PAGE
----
The Critical Relationship Between GenAI and Data Engineering

Generative AI (GenAI), with all of its potential opportunities, requires a robust data foundation to deliver tangible business value. The efficacy and reliability of GenAI and large language models (LLMs) necessitates intelligent data engineering to ensure that any advanced AI initiative succeeds with high-quality, trusted, and governed data at scale.

John O'Brien, principal advisor and industry analyst at Radiant Advisors, and Abhilash Mula, senior manager of product management at Informatica, joined DBTA’s webinar, Mastering Generative AI With Intelligent Data Engineering, to explore how to best support GenAI and LLM projects with cost-efficient, precise, and effortless data engineering practices.

O'Brien and Mula looked at some of the most pressing questions related to GenAI, its implementation, and mastering the technology with data engineering.

The first question, “How critical is GenAI for the overall success of any enterprise?” is a question that frequently comes up, according to O'Brien. He explained that the generation component of GenAI—whether it’s content, code, or knowledge—is extremely significant, especially as it relates to increasing enterprise productivity in the midst of high-volume data growth. O’Brien predicted that the statistics relating to areas that GenAI improves are not only accurate, but will only increase.

Mula pointed to the fact that according to Gartner, businesses will continue to spend a tremendous amount of money investing in AI technology. With the investment continuing to rise, ensuring that you’re achieving a balance of value will be critical.

Question #2, “What are the major challenges that are derailing GenAI initiatives?” points to the horror stories associated with poor, uncalculated AI adoption.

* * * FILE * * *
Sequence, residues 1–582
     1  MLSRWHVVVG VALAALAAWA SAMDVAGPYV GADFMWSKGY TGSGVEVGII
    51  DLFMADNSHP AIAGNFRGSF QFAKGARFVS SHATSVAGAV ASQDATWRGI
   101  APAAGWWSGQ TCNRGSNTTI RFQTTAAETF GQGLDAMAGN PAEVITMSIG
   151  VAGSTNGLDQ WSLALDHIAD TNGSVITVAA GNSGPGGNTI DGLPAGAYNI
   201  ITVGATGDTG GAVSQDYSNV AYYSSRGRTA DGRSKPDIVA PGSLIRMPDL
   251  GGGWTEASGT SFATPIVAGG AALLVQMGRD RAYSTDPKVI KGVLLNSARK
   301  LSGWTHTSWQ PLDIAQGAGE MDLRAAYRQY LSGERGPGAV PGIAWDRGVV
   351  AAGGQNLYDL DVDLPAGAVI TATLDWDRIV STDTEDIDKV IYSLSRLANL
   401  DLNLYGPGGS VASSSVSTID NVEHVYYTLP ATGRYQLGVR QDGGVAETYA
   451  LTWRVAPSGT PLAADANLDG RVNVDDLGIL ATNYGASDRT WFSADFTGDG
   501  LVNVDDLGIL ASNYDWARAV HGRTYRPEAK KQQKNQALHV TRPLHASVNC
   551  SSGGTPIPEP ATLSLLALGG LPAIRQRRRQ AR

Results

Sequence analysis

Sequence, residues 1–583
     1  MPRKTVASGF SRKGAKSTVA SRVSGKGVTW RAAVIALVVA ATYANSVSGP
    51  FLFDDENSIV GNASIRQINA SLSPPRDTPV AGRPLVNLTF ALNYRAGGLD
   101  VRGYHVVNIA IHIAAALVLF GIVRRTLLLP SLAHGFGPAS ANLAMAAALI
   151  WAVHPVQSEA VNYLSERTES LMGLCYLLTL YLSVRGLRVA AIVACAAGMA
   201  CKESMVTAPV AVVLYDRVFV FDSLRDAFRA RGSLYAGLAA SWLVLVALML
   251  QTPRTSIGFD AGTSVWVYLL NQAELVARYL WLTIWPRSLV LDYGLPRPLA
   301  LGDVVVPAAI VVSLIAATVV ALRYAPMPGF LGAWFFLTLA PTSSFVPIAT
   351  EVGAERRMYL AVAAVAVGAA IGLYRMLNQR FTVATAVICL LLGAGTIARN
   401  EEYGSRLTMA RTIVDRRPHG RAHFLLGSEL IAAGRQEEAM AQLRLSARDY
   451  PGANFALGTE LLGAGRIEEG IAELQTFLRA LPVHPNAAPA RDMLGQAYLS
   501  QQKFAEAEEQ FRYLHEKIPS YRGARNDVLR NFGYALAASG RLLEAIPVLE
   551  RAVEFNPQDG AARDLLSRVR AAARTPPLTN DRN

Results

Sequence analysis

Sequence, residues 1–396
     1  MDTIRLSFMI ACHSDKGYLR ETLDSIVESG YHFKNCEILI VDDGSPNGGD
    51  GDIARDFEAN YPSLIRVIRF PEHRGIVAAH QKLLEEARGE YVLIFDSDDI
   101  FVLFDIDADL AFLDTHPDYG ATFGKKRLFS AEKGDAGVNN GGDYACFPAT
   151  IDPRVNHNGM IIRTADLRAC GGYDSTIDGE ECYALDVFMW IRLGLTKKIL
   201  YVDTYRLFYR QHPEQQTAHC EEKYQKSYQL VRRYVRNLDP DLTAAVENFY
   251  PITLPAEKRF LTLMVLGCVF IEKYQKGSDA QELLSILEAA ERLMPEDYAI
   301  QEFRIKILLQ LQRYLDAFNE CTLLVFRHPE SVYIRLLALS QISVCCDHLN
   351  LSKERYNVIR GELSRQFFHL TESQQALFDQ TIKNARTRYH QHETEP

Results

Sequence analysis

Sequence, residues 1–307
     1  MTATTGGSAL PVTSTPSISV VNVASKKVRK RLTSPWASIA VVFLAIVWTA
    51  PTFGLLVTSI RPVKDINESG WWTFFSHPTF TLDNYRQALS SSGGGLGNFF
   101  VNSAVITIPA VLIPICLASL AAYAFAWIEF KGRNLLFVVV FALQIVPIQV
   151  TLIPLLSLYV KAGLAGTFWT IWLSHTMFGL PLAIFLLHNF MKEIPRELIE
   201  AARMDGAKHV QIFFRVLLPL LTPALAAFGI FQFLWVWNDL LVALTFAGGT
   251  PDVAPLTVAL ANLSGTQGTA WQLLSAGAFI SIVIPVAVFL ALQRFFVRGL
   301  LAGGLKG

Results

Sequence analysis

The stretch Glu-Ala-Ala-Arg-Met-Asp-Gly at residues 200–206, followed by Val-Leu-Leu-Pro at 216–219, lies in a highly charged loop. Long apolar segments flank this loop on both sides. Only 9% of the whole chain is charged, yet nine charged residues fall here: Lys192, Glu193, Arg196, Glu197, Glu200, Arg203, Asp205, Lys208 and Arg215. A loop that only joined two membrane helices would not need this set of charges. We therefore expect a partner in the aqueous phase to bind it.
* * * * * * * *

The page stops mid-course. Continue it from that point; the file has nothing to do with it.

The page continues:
O’Brien explained that the major challenge he sees revolves around, “‘How do we put in the guardrails? How do we create a secure environment in which we can begin our exploration, our experimentation, and start learning this new technology?’” Answering these questions is entirely tied to defining the use case for utilizing GenAI, he added. Simply jumping on the AI bandwagon and hoping for the best—despite its radical costs and potential downfalls—will fail to generate any sustainable, provable value.

Mula echoed O’Brien’s points, explaining that “the success of any enterprise, especially with AI projects, depends on how effectively we are embedding these AI/LLM models into the core business objectives. If there is no real use case, these projects are doomed to fail.” He further added that with GenAI come concerns for privacy, security, and relevant skill sets to drive its success.

Moving onto the third question, “What role does data engineering play in the success of GenAI?” O’Brien highlighted that data engineering teams and architects will be largely responsible for the environments that GenAI is supported by. Ensuring transparency, accountability, the protection of intellectual privacy, and more, will be the lofty load on the shoulders of data engineers.

However, data engineers are the key benefactor of GenAI, according to O’Brien. Chatbots acting as an assistant to the engineer, pointing out repetitive functions or increasing the quality of the code, are a unique selling point for data engineering teams.

Mula stated succinctly: “AI needs data, and in order to give clean data to the AI, they need to engineer the data. Data engineering is very, very important because AI relies on high-quality, well-organized data to function effectively.”

Garbage in is garbage out, Mula explained further, emphasizing that data engineering is an incredibly critical component of ensuring that any AI project is turning out accurate, useful information.

Ultimately, the key to mastering GenAI with data engineering boils down to a few crucial points:

  • Explore AI safely by defining upfront policies and environments.
  • Identify use cases where GenAI has the potential to make measurable improvements.
  • Ensure that GenAI solutions are explainable, traceable, and able to be optimized.

For the full, in-depth roundtable discussion, you can view an archived version of the webinar here.